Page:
Even Silence Has An End by Ingrid Betancourt

This is one of the most incredible books I have ever read, and I have read many. I had vaguely heard of Ingrid Betancourt before I read the book and knew that she had been a hostage who had been released a couple of years ago, and that was about it. Now I know she is a woman who endured six and half years in the Columbian jungle as a hostage under the harshest conditions and was eventually rescued by the Columbian army.

Ingrid Betancourt was a presidential candidate in Columbia in 2002 when she was kidnapped and taken hostage. She had been going to fly into a military-controlled region, but her place on the plane was cancelled and, as a result, she was driven there. She never made her destination. As a candidate, she was aware of the risks of potential kidnapping and remembered being given advice once: if the men are wearing leather boots, they are the army; if they are wearing rubber boots, they are FARC (a guerrilla organisation in conflict with the government). The men who took her were wearing rubber boots. One of her assistants, Clara Roja, was kidnapped with her.

They was driven further and further into the jungle, till eventually they got out of their vehicles and walked into the depths of it until they reached a temporary camp. Here they got their first inkling what life as a hostage was going to be like as they were put in a small enclosure with a mosquito net as a roof and a bed to share. Later on they were moved to a bigger camp along with other hostages.

There isn’t space here to mention the number of times they had to move camp, march in the pouring rain, deal with biting wasps, mosquitoes, bees. The conditions were horrific, but the psychological elements were the more difficult to handle for Betancourt. She and Clara soon began to irritate each other in such a confined space and, once they were with other hostages, she found they all began to vie for food and attention. The guards had complete control over them physically and psychologically and played with them, cruelly.

Ingrid tried escaping three times, each account of which I found fascinating. The determination it must have taken to attempt to flee into an unknown jungle with no sense of where she was heading, with very few resources, made me admire her determination and self-will. I suspect I would have wilted, slid into depression and done whatever the captors wanted. Ingrid stood up for herself all the way, often making herself unpopular with other hostages (two of the American hostages have since written a book in which they criticise her behaviour and how she got beneficial treatment).

What I found so interesting about this book was the relationship between the guerrillas and the hostages – what they allowed the prisoners to have or not, like giving Ingrid a dictionary when she asked for one, or baking a cake in honour of her daughter’s 17th birthday. How some of them almost became friends with Ingrid. How cruel they were to the hostages. Ingrid was often chained up, especially after her escape attempts. Chained around the neck, and either to a tree or another hostage. One particular guard who didn’t like her, always tightened the chain around her neck so that she could barely swallow. She still has faint marks on her neck from the chains.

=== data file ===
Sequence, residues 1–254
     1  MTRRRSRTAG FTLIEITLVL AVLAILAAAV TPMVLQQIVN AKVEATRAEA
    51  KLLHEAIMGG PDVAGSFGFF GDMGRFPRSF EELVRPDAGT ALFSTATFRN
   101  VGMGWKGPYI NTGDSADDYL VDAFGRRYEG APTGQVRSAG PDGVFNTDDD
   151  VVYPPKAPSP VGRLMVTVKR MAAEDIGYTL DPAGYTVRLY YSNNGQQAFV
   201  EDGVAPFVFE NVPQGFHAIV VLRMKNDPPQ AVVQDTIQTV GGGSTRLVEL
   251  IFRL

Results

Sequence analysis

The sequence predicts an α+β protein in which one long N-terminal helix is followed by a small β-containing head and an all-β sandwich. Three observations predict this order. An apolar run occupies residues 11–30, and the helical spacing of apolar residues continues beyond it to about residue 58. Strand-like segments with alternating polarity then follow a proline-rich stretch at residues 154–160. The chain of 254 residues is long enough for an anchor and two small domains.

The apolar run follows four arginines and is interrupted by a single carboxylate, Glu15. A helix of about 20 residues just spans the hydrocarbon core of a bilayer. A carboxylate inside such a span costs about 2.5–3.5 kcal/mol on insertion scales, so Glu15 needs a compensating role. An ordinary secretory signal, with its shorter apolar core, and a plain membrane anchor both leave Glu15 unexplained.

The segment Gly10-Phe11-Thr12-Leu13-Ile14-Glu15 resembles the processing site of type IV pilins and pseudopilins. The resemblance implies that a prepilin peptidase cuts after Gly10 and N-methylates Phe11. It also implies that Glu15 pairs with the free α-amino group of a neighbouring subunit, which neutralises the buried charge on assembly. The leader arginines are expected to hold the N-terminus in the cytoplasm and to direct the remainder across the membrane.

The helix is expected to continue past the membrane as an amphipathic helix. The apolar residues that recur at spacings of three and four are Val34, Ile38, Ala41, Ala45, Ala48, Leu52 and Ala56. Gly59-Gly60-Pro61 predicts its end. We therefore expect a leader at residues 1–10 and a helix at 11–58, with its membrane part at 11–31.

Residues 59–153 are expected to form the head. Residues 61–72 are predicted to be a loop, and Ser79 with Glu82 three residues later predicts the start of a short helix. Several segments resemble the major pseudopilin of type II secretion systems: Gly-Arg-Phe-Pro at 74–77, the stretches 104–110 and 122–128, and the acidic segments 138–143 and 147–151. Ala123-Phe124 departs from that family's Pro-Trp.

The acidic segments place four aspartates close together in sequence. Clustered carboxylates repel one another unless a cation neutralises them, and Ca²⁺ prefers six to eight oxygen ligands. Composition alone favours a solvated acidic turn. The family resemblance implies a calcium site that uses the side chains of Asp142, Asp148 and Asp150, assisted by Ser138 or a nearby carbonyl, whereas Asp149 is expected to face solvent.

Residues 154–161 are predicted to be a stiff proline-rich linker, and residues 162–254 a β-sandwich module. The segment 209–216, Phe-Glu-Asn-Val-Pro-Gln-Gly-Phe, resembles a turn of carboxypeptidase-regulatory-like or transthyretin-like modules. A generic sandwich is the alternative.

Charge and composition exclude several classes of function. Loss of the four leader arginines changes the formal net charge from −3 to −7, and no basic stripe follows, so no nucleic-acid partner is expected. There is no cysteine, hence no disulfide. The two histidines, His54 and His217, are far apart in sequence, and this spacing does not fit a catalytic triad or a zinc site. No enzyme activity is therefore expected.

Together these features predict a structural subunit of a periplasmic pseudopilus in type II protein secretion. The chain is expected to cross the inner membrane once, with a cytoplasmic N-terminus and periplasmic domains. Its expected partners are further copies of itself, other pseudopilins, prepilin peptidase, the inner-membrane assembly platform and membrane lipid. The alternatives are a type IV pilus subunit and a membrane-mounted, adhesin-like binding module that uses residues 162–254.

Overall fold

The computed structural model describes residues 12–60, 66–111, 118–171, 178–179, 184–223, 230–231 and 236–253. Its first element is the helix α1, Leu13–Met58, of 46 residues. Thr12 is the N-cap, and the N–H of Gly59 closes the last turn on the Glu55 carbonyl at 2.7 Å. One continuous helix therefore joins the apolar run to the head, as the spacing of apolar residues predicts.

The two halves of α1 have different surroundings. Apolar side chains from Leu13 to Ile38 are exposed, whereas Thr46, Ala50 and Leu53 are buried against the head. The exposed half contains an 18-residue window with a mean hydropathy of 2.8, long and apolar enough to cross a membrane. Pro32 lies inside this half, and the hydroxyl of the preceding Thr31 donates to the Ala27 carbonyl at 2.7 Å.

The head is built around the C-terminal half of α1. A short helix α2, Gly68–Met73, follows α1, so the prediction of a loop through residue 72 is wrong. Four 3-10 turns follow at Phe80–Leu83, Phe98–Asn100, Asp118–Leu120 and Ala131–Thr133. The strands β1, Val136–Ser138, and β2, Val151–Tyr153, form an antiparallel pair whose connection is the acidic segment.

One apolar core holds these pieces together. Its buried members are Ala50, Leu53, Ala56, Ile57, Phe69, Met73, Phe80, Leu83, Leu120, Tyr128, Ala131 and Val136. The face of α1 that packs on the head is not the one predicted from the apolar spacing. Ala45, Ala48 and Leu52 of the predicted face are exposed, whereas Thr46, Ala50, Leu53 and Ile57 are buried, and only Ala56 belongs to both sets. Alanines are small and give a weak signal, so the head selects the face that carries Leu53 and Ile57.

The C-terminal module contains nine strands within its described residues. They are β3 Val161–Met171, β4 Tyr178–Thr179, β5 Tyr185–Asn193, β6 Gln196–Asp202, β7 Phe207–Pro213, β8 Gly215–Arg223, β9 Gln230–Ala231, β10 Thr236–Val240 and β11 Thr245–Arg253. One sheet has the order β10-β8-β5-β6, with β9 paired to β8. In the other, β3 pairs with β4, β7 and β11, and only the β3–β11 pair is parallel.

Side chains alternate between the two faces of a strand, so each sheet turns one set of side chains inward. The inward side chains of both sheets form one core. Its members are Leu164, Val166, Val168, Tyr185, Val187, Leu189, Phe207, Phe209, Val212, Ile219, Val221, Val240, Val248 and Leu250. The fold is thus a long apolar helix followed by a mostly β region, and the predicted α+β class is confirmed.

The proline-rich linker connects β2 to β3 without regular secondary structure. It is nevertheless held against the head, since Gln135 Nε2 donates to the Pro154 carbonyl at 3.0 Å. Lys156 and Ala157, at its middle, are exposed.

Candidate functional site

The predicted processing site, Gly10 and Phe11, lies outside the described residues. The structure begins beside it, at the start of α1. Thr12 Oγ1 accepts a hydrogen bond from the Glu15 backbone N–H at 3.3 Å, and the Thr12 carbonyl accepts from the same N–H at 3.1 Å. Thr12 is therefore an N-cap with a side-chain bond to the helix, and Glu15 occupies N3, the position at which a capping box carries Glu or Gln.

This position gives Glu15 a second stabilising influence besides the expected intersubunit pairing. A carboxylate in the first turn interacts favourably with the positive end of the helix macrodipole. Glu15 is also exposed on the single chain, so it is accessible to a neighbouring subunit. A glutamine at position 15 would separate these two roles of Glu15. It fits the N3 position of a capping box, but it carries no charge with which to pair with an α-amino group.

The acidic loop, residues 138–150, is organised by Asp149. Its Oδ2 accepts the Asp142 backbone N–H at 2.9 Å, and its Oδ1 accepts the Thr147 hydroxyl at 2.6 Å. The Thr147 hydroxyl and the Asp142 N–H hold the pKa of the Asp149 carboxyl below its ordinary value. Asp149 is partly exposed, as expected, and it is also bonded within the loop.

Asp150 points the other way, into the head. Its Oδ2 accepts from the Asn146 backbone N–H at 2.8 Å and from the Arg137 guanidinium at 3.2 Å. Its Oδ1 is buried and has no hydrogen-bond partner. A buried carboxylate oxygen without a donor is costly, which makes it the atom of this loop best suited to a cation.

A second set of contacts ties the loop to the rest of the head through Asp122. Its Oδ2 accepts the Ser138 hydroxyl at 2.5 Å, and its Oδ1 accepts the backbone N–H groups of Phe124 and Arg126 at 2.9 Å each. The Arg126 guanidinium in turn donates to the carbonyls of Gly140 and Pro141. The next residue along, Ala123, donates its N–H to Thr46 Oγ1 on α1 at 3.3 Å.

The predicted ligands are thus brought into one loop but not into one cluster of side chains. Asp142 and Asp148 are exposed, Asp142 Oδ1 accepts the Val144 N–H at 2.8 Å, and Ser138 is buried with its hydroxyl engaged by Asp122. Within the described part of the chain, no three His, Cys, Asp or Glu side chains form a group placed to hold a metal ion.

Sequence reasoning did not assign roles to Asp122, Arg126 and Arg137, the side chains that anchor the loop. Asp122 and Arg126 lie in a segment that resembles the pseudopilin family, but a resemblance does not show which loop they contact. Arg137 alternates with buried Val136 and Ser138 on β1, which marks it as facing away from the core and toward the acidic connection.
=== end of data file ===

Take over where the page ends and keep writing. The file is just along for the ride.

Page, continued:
In the book, she explains how one of the most difficult things was having to face herself – often she found she didn’t like her behaviour towards the other prisoners when she became spiteful, greedy or hateful. Slowly she worked out that she could choose to be how she wanted to be, and from then on tried to remain non-judgemental. I honestly don’t know how she managed it. I don’t think I would have been able to.

One of the things that kept her going was the radio which the prisoners were allowed (amazingly, I think) to listen to. Once a week there was a slot in which the hostages’ families were able to send them messages and for six and a half years, ingrid received messages from her mother – who didn’t even know whether Ingrid was alive any more. The strength of the love between them kept Ingrid going through the worst times (of which there were countless).

Towards the end of her captivity she became extremely ill with hepatitis, at a time in which the guerrillas were marching them further and further into the jungle to escape the army. She was so ill that she often had to be carried by the guerrillas, some of whom were very kind to her and others of whom treated her like a sac of potatoes. Some of the other hostages resented that she was getting special treatment.

In the end, Ingrid wasn’t released by the guerrillas but rescued by the army who deceived the leader of the camp into believing that they were FARC officials coming to take some of the hostages to another area. Ingrid and a few of the others were rushed into an airplane and once on board heard the incredible words, “You’re free”.

In so many ways this is a horrific read with the details of the experiences of a political prisoner held in utterly inhumane conditions, but in so many other ways it is an incredible story of strength and courage. Next time I think I’m having a shitty day, I’ll remember Ingrid Betancourt.


Author: Nella

Constant reader, sometime writer, school resource manager. I can't imagine a life without books, nor my children, my cats, my dog, my family, my friends. I belong to two book clubs, and I don't mind whether I read a paper book or an electronic one - as long as I read.

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